Fish feed containing protein ingredients made from ethanol produced from corn are expected to be made available on a commercial scale in Brazil in 2020, raising the stakes for soy producers supplying the aquaculture industry.
Supplies of fish feed containing protein ingredients made from ethanol produced from corn are expected to be made available on a commercial scale in Brazil in 2020.
Brazil’s aquaculture industry trade body Peixe BR is working with the country’s ethanol producers, Brazilian Agricultural Research Corporation Embrapa and other researchers to determine the competitiveness of using dried distillers’ grains (DDG) to produce a corn-based protein for use in aquaculture feed.
Peixe BR CEO Francisco Medeiros told IntraFish he believes the outcome may boost competition in the Brazilian feed market and help lower costs of fish producers’ final products in the process.
Ethanol made from sugar cane is big business in Brazil.
By the end of 2017, 70 percent of new cars and light vehicles being produced were of the flexible fuel type with the ability to run both on petroleum gas or on ethanol. Pumps for ethanol fuel at Brazil’s filling stations have been a common sight for decades.
But nearly two years after the launch of the first ethanol plant based entirely around corn, Brazil is seeing a rapid growth in production, meaning there is an abundance of supply. Output is expected to double next year, and in the coming years its forecast that 10 percent of ethanol produced in Brazil will be derived from corn, Medeiros said.
“It’s an industry in Brazil that is growing and we want to grow with them.”
While protein produced from corn ethanol may be rich in oil, the aquaculture industry is looking for a product that is more price competitive than soy protein.
“In the first half of 2020 we will already have significant quantities of products for fish containing DDG,” Medeiros said.
Brazilian aquaculture production increased 4.5 percent to 722,560 metric tons in 2018, consuming 1.1 million metric tons of fish feed in the process.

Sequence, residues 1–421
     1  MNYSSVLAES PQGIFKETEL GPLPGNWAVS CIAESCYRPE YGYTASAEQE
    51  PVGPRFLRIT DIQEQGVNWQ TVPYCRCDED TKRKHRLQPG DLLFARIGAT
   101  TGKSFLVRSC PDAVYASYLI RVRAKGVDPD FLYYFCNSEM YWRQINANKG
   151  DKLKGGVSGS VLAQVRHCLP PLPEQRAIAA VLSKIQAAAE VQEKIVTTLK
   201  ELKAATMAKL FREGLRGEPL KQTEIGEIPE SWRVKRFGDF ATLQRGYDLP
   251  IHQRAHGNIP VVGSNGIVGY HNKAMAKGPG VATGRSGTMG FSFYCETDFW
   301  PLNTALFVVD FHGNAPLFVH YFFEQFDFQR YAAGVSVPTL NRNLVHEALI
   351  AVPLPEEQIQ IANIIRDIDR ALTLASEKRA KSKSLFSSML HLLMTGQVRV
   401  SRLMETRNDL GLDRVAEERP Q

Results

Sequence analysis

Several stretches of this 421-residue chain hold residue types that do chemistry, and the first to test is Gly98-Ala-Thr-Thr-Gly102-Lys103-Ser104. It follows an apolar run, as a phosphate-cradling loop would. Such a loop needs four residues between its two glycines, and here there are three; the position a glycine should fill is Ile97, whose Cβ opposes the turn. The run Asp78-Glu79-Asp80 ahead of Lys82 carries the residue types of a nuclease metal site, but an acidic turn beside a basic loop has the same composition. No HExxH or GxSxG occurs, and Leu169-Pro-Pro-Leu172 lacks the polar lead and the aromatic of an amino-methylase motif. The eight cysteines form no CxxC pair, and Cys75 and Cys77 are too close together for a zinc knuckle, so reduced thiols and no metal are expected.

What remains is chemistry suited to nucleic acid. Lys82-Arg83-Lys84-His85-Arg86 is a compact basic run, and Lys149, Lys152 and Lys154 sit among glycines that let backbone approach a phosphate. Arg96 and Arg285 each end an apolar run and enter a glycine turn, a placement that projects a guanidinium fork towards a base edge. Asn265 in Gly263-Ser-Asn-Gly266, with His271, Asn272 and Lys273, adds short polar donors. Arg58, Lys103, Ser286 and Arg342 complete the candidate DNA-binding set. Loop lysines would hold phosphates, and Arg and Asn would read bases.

Tilapia drove the growth in Brazilian aquaculture production last year. Production rose 11.9 percent to 400,280 metric tons, meaning the species accounts for 55.4 percent of farmed fish output.
Most of the remainder is made up of native species such as tambaqui, pintado and pirarucu, while carp, trout and pangasius are also produced in lower volumes.
So, what percentage of Brazilian aquaculture feed used to produce these fish in the future might contain DDG from corn?
“We don’t know because the studies to determine the maximum usage limits haven’t yet been done. Within a year at most we will have the answer,” Medeiros said.
It’s likely that much of this type of DDG protein produced in bulk and at lower cost in Brazil’s center west states will end up in aquaculture feed because this areas are also among the major fish producing regions.
Previously soy’s 48 percent concentration of soy protein in feed overshadowed the 30 percent for corn, a ratio that can now reach 50 percent depending on purity when fiber and oils are removed, Medeiros said.
“The market will probably demand three or four types of DDG, and according to price and need you will make a choice.”
The latest developments in Brazil, as well as research carried out over the years by both the corn and soy industries, have won praise from Kurt Rosentrater, an associate professor at Iowa State University, where researchers have spent two decades looking at the challenges of feeding fish raw corn, corn protein concentrate, corn gluten meal or distillers-grade corn products, as well as those based around soy.
Rosentrater, who doubles as executive director of the Distillers Grains Technology Council in the United States, features in the alternative feed ingredients section of IntraFish’s The Future of Aquaculture Feed report.
“I don’t know if it will challenge soy, there is always that potential,” he said. “I think we need a combination of corn and soy ingredients, that’s what the future holds because the aquaculture industry has tremendous demand for protein.”
In the past year Rosentrater said he has been impressed by the pace at which ethanol-based projects in the United States are moving forward with protein extraction, which could bring dual benefits for the aquaculture industry.
“It’s not just protein from the maize, but also it’s protein from the yeast,” Rosentrater said, adding that feed companies are carrying out trials around the world not just on tilapia, but also “higher end” species such as salmon and trout.
Source: Intrafish Magazine